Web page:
Technically, Southfork was presided over by staunchly proud and resiliently Texan, Jock Ewing (Jim Davis) and his ever-devoted Miss Ellie (Barbara Bel Geddes). But the ranch also contained a rather lecherous relationship between hired hand, Ray Krebbes (Steve Kanaly) and pint size minor, Lucy (Charlene Tilton). As for Pam; she was the daughter of Digger Barnes (David Wayne and later, Keenan Wynn) - the destroyed shell of a man, so the story went, by the power hungry hands of Jock and later J.R. Pam's brother, Cliff (Ken Kercheval) fairly took his father's side, but also found time to be sympathetic to Pam - primarily after she split from Bobby at the end of Season Four.

In between these tempestuous relationships, someone shot J.R. (who survived), Southfork burned in an epic house fire (but not to the ground) and Bobby was murdered by Pam's half nutty sister in 1985; then unceremoniously resurrected in a shower sequence that attempted to illustrate for the viewing audience that the entire previous season had been just a dream in Pam's mind (groan!).

Contractually speaking, Patrick Duffy had believed that his fame on Dallas would allow him to find lucrative work elsewhere in television and the movies. He was quickly disillusioned. Meanwhile, Dallas' ratings tanked and the producers invited Duffy back into the fold.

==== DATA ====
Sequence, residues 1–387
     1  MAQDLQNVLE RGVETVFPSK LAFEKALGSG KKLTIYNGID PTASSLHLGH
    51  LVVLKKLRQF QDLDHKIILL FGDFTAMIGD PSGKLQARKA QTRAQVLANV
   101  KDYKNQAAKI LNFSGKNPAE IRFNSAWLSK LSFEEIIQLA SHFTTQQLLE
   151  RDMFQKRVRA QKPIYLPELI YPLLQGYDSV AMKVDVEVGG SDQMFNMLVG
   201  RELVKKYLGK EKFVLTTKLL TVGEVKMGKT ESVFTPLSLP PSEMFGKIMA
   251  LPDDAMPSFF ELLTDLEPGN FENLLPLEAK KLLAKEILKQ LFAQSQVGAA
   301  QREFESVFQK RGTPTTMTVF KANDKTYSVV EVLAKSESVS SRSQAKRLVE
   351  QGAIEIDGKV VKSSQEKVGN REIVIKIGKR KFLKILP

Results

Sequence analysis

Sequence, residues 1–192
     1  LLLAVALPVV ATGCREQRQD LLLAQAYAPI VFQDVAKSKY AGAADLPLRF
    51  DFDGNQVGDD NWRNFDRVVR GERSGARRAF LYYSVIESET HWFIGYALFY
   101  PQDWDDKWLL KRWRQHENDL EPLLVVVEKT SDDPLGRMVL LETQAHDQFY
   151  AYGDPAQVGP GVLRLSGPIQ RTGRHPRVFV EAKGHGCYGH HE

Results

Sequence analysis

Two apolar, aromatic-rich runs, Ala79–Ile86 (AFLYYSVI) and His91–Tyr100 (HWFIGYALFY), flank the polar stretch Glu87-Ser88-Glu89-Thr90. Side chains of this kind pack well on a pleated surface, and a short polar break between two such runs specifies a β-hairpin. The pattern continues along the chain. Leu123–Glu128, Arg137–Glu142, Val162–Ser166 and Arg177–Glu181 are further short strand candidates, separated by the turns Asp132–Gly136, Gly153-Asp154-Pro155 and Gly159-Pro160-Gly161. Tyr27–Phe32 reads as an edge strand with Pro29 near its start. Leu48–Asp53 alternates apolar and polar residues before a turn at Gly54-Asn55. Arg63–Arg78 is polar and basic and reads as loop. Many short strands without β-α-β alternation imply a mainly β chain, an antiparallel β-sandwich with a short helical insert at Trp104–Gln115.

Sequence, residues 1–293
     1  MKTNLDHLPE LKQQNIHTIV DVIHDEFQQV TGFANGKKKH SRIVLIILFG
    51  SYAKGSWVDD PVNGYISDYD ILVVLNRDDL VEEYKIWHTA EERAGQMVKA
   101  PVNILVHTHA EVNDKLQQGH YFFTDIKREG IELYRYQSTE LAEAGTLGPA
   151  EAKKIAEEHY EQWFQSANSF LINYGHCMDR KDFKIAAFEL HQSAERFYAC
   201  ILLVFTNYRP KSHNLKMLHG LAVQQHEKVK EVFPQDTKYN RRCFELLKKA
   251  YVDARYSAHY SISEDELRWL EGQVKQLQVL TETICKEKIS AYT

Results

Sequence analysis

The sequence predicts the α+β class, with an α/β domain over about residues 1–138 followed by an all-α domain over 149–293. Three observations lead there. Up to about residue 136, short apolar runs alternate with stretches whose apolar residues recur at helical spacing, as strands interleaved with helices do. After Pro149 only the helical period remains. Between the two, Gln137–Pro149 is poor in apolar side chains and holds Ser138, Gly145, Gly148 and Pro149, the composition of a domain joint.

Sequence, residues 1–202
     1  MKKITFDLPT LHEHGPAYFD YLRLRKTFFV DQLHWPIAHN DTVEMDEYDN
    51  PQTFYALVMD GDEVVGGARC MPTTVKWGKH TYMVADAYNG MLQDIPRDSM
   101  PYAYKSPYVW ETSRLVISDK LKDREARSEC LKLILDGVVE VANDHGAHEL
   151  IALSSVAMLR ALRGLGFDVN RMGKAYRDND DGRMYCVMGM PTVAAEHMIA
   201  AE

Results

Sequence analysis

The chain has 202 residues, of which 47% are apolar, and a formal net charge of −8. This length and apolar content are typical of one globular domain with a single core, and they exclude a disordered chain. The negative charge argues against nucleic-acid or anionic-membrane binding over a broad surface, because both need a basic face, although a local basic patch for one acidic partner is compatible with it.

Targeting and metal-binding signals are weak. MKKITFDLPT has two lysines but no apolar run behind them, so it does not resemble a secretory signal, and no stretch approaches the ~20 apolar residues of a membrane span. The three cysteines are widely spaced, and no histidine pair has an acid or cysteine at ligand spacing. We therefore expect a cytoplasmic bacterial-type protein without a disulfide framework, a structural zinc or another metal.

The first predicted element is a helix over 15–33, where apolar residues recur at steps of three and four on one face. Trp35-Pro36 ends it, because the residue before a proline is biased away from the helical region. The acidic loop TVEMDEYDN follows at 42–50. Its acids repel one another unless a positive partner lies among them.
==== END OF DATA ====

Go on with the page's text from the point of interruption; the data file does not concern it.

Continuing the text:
In 2004, Dallas' arrival on DVD heralded an age of experimentalism for the format. After all, would anyone collect all 13 seasons? Apparently so. But the results from Warner Home Video are hardly stellar; beginning with their marketing choice to brand the miniseries and Season One as Season One and Two respectively - thereby throwing off the count of Dallas' seasons by one.
More disheartenment follows as most of the series is housed on flipper discs. The remastering efforts are remedial at best. Colors are extremely dated.

The image contains a barrage of age related nicks, chips and scratches. Dubs for the opening credit montages are woefully out of focus. Occasional edge enhancement and shimmering of fine details also present their own litany of problems. Finally, the audio on some of these episodes is strident and occasionally crackling.

Truly, there's not much to recommend the effort put forth here except to say that the show looks about as crisp as it did on my old 21" television purchased during the late 70s. On a small screen, Dallas still looks adequate. However, blow up to my current 65" dimensions, there's nothing to write home about.

To some degree, the Seasons tend to fair slightly better in overall video and audio fidelity as the seasons grow and get younger (Season 8 looks particularly sharp), but the improvements from season to season are marginal at best. It's difficult for me to recommend these discs to anyone but die hard Dallas fans of which I know there are many around the planet. For you, dear hearts - I suppose these discs are a treasure. For this reviewer, however, more was and should have been expected in the transfers.

FILM RATING (out of 5 - 5 being the best)


Season One 1
Season Two 1
Season Three 1
Season Four 1